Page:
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The Rent Service has committed to providing indicative median local housing allowance rates to all local authorities in October 2007, providing provisional median local housing allowance rates in
January 2008 and providing the live median local housing allowance rates to all local authorities in March 2008.
The national local housing allowance rate in the private rented sector will be set at the median of market rents, while the pathfinder model of the local housing allowance set the rate at the midpoint of market rents.
Danny Alexander: To ask the Secretary of State for Work and Pensions what assessment he has made of the likely effect of the introduction of the local housing allowance on differences between housing benefit received and rent paid by claimants subject to a single room rent/shared room restriction. 
Mr. Plaskitt: Any shortfall between the housing benefit received and contractual rent at the time of national roll-out of the local housing allowance will depend on the trends in local rent levels, the accommodation choices made by tenants and the tenant's income. It is currently hard to predict each of these aspects up to the point of national roll-out of the local housing allowance. We will be monitoring shortfalls between the shared room rate and contractual rent as part of the two year review of the national roll-out of the local housing allowance.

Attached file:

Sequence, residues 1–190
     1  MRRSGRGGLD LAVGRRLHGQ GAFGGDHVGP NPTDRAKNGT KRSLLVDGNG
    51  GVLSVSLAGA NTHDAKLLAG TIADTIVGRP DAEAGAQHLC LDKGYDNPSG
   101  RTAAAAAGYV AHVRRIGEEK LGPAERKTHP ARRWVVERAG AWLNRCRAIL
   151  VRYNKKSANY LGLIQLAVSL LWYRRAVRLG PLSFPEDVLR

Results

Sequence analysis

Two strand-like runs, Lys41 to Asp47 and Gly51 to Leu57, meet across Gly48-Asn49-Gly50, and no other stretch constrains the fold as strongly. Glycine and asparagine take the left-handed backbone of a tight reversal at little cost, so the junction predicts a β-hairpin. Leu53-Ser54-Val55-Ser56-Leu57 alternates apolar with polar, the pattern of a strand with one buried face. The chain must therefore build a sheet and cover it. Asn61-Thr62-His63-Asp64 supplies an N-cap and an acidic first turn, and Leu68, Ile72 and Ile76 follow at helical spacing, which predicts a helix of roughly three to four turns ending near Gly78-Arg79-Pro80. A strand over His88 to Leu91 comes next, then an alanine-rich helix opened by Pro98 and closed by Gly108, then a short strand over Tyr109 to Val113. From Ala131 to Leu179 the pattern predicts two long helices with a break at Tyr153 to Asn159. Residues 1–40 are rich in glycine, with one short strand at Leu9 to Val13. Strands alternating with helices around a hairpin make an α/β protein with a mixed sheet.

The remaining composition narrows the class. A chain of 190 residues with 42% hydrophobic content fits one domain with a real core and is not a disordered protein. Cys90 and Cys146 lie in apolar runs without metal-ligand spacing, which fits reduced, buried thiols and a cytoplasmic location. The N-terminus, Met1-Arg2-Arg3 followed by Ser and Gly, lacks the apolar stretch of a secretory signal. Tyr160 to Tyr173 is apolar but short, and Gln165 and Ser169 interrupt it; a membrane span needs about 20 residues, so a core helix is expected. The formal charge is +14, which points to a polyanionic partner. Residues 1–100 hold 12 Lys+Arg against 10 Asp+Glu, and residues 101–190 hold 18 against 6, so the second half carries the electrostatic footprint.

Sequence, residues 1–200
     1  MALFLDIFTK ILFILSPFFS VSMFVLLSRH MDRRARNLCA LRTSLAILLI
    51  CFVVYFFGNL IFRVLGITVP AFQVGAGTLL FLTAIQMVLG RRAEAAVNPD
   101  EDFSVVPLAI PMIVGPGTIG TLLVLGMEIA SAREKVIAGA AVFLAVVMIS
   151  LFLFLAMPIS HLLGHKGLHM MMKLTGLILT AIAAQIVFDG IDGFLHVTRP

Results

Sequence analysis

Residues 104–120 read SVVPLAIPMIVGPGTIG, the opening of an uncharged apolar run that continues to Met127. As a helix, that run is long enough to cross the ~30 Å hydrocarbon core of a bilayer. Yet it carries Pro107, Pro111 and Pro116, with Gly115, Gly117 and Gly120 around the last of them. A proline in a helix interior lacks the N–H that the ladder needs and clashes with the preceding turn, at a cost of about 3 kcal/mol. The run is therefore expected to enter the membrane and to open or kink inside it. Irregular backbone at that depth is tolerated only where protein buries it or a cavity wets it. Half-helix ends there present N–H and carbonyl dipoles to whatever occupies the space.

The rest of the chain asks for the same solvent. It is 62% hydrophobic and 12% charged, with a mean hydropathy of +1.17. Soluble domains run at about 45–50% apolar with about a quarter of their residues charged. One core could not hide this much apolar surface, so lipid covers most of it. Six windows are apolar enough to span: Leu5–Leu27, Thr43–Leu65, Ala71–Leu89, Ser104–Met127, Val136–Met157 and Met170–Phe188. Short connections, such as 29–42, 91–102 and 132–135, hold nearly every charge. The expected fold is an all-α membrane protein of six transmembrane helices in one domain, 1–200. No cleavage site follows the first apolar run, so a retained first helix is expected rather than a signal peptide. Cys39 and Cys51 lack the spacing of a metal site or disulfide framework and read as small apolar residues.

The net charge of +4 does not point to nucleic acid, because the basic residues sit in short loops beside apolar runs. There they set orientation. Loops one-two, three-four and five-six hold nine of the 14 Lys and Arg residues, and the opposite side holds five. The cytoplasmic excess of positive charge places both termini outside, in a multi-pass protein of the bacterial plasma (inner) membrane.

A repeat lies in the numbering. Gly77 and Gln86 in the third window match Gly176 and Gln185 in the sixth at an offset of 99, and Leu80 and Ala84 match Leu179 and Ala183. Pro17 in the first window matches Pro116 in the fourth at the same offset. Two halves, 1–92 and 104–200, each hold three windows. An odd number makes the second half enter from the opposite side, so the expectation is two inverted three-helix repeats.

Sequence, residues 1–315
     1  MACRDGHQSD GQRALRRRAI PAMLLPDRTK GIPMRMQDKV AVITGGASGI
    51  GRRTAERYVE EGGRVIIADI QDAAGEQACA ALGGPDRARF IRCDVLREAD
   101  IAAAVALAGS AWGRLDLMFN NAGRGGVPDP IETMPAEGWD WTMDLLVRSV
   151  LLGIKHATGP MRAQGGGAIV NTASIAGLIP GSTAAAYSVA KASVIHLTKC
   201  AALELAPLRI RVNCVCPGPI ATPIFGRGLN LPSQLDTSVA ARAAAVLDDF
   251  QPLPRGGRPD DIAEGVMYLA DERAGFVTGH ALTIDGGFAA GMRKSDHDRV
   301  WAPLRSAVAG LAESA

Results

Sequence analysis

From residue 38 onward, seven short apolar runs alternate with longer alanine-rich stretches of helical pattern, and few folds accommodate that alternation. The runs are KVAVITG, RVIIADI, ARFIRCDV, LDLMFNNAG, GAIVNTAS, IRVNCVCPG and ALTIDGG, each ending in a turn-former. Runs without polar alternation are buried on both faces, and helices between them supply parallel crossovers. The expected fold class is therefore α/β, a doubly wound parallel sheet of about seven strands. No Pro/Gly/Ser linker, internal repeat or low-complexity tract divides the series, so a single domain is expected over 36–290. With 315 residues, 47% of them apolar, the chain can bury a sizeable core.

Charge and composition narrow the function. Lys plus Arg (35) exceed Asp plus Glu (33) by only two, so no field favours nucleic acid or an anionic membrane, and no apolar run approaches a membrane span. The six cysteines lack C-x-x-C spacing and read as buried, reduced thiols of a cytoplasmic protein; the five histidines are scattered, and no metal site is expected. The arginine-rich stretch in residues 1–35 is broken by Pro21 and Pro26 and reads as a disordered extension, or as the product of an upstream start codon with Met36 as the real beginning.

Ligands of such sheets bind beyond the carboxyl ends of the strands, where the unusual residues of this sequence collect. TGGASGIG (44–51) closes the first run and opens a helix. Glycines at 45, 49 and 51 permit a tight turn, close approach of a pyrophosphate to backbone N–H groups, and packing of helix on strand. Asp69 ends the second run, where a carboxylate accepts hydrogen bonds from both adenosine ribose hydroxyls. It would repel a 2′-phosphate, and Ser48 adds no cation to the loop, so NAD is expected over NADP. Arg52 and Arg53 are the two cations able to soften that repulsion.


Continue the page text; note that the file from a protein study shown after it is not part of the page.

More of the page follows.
The shared room rate under the national roll-out of the local housing allowance covers a broader definition of what can be counted as shared accommodation than the single room rent restriction. Additionally, as the shared room rate will be set at the median of local market rents, this ensures that 50 per cent. of the shared properties on the Rent Officers' database will be affordable at the shared room rate. Since the rates are published, tenants will also be aware of their maximum housing benefit entitlement in advance and be able to make an informed decision about what accommodation they can afford.
Danny Alexander: To ask the Secretary of State for Work and Pensions whether rent officers are required to take into account actual rent levels when setting (a) broad market rental area boundaries and (b) local housing allowance rates. 
Mr. Plaskitt: The definition for broad rental market area (BRMA) is laid down in statute and it does not require rent officers to have any regard to rent levels. It relates primarily to access to facilities and services for health, education, recreation, personal banking and shopping. The BRMA must contain a mix of property types held on a variety of tenancies.